Two luxury hotels, the Ritz-Carlton, Grand Lakes and JW Marriott Orlando Grand Lakes, not only share the sprawling 500-acre Grande Lakes Orlando estate but also source their produce from Whisper Creek Farm, the property’s own 7,000-square-foot fruit and vegetable garden. The farm grows cucumbers, acorn squash, collard greens, avocado, mango, sweet potatoes, herbs, pumpkins, and features eighteen seven-foot citrus trees, including tangerine, kaffir lime, and kumquat. Whisper Creek’s resident bees manage the pollination for the farm from its apiary, while its PRIMO Organic Garden, a smaller raised-bed garden, produces herbs and produce for the PRIMO Restaurant at JW Marriott Orlando.[related-article id="50788"]
The Ritz-Carlton — Naples, Florida
In a repurposed shipping container called “The Grow House,” the Ritz-Carlton, Naples farms its own greens onsite using an automated hydroponic vertical growing system. The hotel’s 44-foot indoor farm harvests a large portion of the greens served in its restaurants, including romaine lettuce, cilantro, arugula, spinach, cabbage and assorted micro-greens.[related-article id="52001"]
Terranea Resort — Palos Verdes, California
Sip one of the herb-infused cocktails at the resort’s Lobby Bar and you will get a taste of what’s growing in the Terranea Resort’s own gardens. Fresh herbs and vegetables grow in the mar’sel garden just steps from the kitchen. Consider booking a room when you can partake in one of the resort’s bi-monthly Chef’s Table Dinners, intimate “farm-to Terranea” meals featuring fruits and vegetables grown at their nearby Catalina View Gardens.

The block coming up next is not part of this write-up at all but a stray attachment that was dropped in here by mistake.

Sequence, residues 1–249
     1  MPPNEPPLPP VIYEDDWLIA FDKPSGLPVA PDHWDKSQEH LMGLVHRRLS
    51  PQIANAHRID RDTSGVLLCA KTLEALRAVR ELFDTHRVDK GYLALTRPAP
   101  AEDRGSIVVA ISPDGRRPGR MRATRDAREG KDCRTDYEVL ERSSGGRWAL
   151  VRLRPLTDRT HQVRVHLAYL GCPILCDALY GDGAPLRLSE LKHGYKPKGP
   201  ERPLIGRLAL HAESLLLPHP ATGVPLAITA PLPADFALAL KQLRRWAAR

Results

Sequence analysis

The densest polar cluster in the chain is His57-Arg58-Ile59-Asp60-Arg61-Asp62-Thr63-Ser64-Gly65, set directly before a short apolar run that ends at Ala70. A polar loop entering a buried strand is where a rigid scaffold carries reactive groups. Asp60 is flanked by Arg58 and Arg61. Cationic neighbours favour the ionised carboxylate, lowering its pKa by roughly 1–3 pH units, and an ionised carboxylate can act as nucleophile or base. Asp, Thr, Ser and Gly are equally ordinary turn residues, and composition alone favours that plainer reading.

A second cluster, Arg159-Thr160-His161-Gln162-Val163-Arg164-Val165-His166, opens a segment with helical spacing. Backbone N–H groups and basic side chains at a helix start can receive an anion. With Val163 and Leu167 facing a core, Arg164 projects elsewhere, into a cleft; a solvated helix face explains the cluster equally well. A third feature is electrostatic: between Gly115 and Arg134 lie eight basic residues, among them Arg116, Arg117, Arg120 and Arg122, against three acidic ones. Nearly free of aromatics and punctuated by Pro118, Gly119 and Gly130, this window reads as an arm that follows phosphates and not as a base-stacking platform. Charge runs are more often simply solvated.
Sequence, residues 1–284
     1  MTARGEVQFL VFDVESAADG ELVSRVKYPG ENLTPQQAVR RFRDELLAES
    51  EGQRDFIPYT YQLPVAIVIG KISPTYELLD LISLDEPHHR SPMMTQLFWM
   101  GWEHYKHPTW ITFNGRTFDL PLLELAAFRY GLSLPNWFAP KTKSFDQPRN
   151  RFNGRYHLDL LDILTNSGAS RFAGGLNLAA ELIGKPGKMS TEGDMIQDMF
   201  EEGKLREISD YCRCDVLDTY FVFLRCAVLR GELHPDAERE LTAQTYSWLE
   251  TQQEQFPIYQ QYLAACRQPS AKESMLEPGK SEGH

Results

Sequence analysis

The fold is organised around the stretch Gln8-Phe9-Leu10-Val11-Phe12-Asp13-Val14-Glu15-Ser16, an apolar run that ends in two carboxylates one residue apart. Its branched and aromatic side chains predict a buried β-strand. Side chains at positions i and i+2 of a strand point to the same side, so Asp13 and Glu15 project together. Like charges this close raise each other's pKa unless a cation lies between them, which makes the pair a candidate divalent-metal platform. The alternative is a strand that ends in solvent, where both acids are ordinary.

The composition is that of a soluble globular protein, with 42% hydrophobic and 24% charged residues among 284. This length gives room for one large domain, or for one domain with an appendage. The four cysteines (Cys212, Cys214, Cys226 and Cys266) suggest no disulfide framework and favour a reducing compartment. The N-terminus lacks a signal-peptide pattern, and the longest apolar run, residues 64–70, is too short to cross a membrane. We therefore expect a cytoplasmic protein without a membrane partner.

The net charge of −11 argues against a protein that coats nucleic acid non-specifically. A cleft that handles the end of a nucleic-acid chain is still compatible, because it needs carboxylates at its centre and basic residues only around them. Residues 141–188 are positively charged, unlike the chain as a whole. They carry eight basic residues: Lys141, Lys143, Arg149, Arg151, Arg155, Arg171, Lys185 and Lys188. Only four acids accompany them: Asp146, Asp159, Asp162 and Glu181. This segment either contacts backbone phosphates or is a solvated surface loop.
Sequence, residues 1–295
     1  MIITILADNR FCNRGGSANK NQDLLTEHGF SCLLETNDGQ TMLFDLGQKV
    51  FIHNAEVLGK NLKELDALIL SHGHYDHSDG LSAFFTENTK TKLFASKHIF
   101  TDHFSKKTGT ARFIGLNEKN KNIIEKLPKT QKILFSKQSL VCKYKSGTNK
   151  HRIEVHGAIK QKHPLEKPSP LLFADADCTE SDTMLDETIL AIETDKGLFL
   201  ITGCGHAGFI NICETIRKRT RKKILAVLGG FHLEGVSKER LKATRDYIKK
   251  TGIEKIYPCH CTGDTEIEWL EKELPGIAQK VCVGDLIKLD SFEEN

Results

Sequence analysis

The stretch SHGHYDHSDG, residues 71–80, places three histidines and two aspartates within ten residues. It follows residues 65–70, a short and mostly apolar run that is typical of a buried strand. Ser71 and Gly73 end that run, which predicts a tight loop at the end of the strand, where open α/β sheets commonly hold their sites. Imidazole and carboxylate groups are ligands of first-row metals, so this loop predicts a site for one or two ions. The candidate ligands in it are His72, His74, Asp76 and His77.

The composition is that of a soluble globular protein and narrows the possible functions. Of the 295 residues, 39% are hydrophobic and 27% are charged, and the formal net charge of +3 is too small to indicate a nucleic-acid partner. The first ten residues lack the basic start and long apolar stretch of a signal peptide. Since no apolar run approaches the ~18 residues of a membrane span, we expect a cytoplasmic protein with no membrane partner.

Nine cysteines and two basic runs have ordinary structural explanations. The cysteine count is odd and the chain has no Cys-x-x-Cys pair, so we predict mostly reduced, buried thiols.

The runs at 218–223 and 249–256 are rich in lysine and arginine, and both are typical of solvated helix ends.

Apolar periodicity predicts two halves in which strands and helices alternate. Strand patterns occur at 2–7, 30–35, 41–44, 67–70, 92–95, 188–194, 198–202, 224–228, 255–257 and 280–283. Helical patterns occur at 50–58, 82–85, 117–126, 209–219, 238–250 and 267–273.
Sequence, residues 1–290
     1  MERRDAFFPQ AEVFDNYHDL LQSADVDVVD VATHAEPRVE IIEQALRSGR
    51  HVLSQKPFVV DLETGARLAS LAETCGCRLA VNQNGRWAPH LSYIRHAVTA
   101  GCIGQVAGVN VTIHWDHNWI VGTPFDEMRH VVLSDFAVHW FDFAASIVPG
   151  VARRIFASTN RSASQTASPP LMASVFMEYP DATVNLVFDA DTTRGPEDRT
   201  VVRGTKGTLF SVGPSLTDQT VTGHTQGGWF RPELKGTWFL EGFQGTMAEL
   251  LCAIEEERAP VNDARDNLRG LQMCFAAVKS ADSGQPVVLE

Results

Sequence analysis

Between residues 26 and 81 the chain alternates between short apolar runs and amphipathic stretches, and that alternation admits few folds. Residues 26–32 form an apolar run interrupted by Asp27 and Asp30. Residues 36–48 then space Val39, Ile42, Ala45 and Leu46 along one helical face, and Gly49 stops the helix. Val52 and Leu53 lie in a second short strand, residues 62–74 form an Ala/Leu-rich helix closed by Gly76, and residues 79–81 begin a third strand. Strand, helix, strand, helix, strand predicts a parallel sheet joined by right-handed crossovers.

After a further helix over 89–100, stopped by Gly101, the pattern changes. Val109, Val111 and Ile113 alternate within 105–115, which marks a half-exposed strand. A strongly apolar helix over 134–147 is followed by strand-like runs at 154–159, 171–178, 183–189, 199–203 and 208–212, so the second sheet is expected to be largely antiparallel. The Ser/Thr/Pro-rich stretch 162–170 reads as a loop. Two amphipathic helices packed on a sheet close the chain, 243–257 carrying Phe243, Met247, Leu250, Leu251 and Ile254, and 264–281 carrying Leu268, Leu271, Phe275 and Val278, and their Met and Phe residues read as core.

Woodstock Inn and Resort — Woodstock, Vermont
At the resort’s own Kelly Way Gardens, about a mile down the road, chefs work with the Master Gardener to select the freshly-grown ingredients that become part of the fare served up at the Woodstock Inn. For a special culinary experience, guests can enjoy one of the resort’s Kitchen Garden Dinners, dining amidst their dinner’s ingredients. Grown by the Master Gardner and selected by the Executive Chef, this is a veritable Vermont farm-to-table meal, al fresco, accompanied by a healthy serving of stargazing.
The Ritz-Carlton — Charlotte, North Carolina
One floor below The Ritz-Carlton Charlotte’s succulent-painted green roof, organic micro-greens and vegetables grow year-round in The Urban Cultivator, a self-contained interior greenhouse on the hotel’s 18th floor. Up on the vegetated roof, an apiary is home to 100,000 seasonal bees who pollinate the chef’s rooftop vegetable and herb garden and also provide chemical-free raw honey for the hotel’s signature Honey Pecan Gelato. Guests can stop by the farmers market in the lobby to avail themselves of the freshly picked greens from both the rooftop and indoor gardens.
The Ritz’s green efforts extend outside into the community as well. In the front driveway, a free-standing Community Garden provides complimentary herbs, fruits, and vegetables for the public to enjoy, and locals come to pick herbs and veggies on the way home to their own kitchens.[related-article id="50931"]
Feature image courtesy of Eddie Kopp, Unsplash